Democracy in Immigrant America: Changing Demographics and by S. Karthick Ramakrishnan

By S. Karthick Ramakrishnan

Democracy in Immigrant America offers a complete research of democratic participation between first- and second-generation immigrants within the usa, addressing the questions which are crucial to realizing the present-day realities of immigrant politics: How are immigrants altering the racial and ethnic make-up of the yankee citizens? How do their numbers examine to these within the early twentieth century? Do conventional types of political habit clarify the vote casting participation of immigrants, and will new elements concerning immigrant edition be thought of? via addressing those questions, Democracy in Immigrant America issues the future of a brand new learn time table in immigrant politics.

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As the following analysis demonstrates, the rise in immigrant numbers has indeed led to a significant growth in the share of first- and second-generation immigrants in the national electorate and various state electorates since 1970. In many instances, however, the magnitude of these increases has been exaggerated, with overly optimistic rhetoric referring to immigrants as “sleeping giants” or “awakening gi- A Matter of Numbers 27 ants” in the American electorate. First, the proportion of first- and second-generation immigrants in the total population is considerably smaller today than it was during the early 1900s.

Granted, there have been several studies in the past twenty years that have examined naturalization rates across national origin groups (Portes and Mozo 1985; Liang 1994; Yang 1994; Johnson et al. 1999). However, questions of what happens after naturalization have been relatively rare (DeSipio 1996b; Uhlaner, Cain, and Kiewiet 1989; Tam Cho 1999). Indeed, most studies in political science approach the issue of immigrant adaptation only indirectly—not as a topic unto itself, but as part of a more general study of political participation among Latinos or Asian Americans.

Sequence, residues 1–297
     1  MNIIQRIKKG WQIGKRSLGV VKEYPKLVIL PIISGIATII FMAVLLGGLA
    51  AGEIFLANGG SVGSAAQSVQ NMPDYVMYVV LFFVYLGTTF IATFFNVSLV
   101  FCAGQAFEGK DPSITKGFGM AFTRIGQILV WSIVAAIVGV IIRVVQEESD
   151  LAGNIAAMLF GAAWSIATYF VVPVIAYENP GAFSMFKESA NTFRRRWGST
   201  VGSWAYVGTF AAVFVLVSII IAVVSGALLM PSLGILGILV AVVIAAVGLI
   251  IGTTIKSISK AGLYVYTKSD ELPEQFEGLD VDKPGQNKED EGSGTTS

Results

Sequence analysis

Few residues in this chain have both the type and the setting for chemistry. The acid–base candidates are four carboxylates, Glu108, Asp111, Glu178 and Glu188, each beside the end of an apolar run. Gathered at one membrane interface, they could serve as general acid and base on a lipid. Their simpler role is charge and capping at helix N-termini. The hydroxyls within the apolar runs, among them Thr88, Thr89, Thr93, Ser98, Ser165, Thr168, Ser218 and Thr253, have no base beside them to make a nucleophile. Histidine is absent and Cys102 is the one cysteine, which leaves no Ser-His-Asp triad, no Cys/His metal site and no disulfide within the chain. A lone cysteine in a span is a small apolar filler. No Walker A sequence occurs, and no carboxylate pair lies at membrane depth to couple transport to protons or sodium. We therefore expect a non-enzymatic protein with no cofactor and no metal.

Thus, there is no empirical justification to exclude the political behavior of whites when studying contemporary trends in immigrant electoral participation. Of course, there may be important national-origin differences among white immigrants, something to consider in the chapters that follow. This study therefore breaks new ground in the scholarly understanding of immigrant political participation by including whites as part of a cross-racial and cross-generational analysis. The literature on political participation among contemporary immi- Studying the Newcomers 19 grants in the United States has thus been steadily getting more voluminous, with political scientists assessing the extent to which traditional understandings of electoral participation are sufficient to understand voter turnout among first- and second-generation immigrants.

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